The New Generation is not the ugly step-sibling of WWE’s modern historical Eras, but rather a black sheep that deserves better.
Alongside our good friend ‘The Doc’ Chad Matthews, my aforementioned crusade to quash preconceptions about the New Generation Era begins (and mark my words, this is only a beginning) here, with its Top 50 Matches. Some of these you will know and love. Some of them, you may have forgotten just how much you love. And some of them you might not even know exist. But all of them are absolute gems that demonstrate the true history of the New Gen.
Ladies and gentlemen, through these matches, we have something to prove, and each of the ensuing Top 50 illustrates an important point in the case we are making that the New Generation deserves a thorough reappraisal from everyone in the wrestling industry, fans, wrestlers, and promoters alike.
Read the full Introduction and #46 – #50 here
45. Hunter Hearst Helmsley vs. Henry O. Godwinn in a Hog Pen Match, In Your House: Season’s Beatings
Doc: The Arkansas Hog Pen Match could be construed by some as an example of what made the New Gen in their minds lesser. Watch it, however, and you might find yourself agreeing with someone else who would, in support, claim the odd-ball gimmick to be a more successful version of something like the Asylum Match of recent memory. Sure, it was a strange match and, indeed, it did feature one of those weird characters from that era in Henry O. Godwinn that was basically just plucked from the list of stereotypes (and lest we forget that Triple H began his career as one of those stereotypical characters in his own right); nevertheless, if you asked the Hog Pen Match to trade places with the Asylum, I think that you would honestly walk away in 2016 laughing to yourself about the fun you just had watching a surprising 3-star effort whereas the Jericho vs. Ambrose Cage debacle would remain just as bad in 1995 as it was recently.
Think about it in context, for a moment, and it is easier to understand how a Hog Pen Match succeeded as it did. Young Helmsley was a rich snob who belittled the southern country boy pig farmer, whose measure of comeuppance was to get the blueblood covered in pig slop and mud surrounded by live members of his pork farm. The goal was to embarrass a stuck up bully. When Helmsley got the win, it raised his budding profile, and the fans got to see him get muddied up a bit. Mission accomplished. Comparatively, what did the Asylum Match accomplish again?
The New Generation was a time of calculated experimentation and, much like the Kid vs. Razor match referenced earlier, the Hog Pen Match not only culminated a well-booked storyline (for what it was), but it also innovatively climaxed a feud.
‘Plan: Just because these two characters look like two-dimensional stereotypes doesn’t mean that’s all that they are. Certainly there’s no denying it’s where they came from, but through a combination of robust pay-per-view build on television characteristic of the Era and disciplined in-ring talent, this Hog Pen Match proves to be quintessential New Gen in being more than the sum of its parts.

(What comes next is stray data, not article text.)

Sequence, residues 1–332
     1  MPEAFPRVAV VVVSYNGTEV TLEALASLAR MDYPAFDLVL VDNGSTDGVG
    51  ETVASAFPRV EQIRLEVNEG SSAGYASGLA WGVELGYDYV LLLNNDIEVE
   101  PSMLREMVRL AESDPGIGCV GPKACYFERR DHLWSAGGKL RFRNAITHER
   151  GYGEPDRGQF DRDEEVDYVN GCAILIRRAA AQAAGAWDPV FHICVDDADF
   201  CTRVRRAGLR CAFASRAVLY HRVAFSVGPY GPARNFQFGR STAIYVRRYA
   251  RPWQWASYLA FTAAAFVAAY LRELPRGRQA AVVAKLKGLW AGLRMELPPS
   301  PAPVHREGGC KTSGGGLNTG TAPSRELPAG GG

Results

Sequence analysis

There is, like so many matches of this Era, a great deal more character depth and comment in this match than might, at first, meet the eye. As Doc has already pointed out, there is a sense of revenge against a bully, but so too is there a subtext of class: blue collar vs. white collar, and its typical story of a humbling. Psychological intrigue plays its part, with Godwinn having slopped himself on television several weeks before, demonstrating an immunity to the humiliation that provides the antagonist’s primary motivation to succeed. Consider too that, as a hog farmer, Godwinn is comfortable with the heady environment created by the smells and sounds of the pen, putting the unconditioned suburban snob at a further mental disadvantage. All of these subtleties come to inform the feel-good post-match shenanigans and enrich the action.
Look past the so-called ‘cartoonish’ idea as it appears on paper and you discover a surprising amount of depth, then, in as enlightened an execution of a specialist match type as you can find. It is its Era’s answer to the WrestleMania VII Blindfold Match between Jake ‘The Snake’ Roberts and Rick ‘The Model’ Martel.
Don’t let the foresight of its design get past you either – it bears a striking resemblance to the structure of more famous match types like the Buried Alive Match, the Last Ride Match and the Ambulance Match alike. It just did it first, and successfully so. The typical match style of the Era is in full force, with a steadier pace and a more cerebral approach than anything you’ll find today, but if you’re a fan who claims to enjoy being told a good story, and are indeed a fan of your word, there’ll be nothing to dislike in this quietly pioneering effort.
44. Doink vs. Marty Jannetty in a Best 2 Out of 3 Falls Match, Monday Night Raw June 21st, 1993
‘Plan: Look at these names on paper and you’ll likely cringe. The evil clown taking on the other Rocker, I appreciate, isn’t going to do much to entice, but those same two men are two of the biggest victims of the negationsim with which WWE treats its New Generation Era – Doink was a tremendously accomplished technical wrestler and Jannetty came to be Raw’s regular showstopper in the second six months of the show’s life, the same way Michaels had been in the first six. This extended, feature-length television classic is one of the finest examples of both these facts.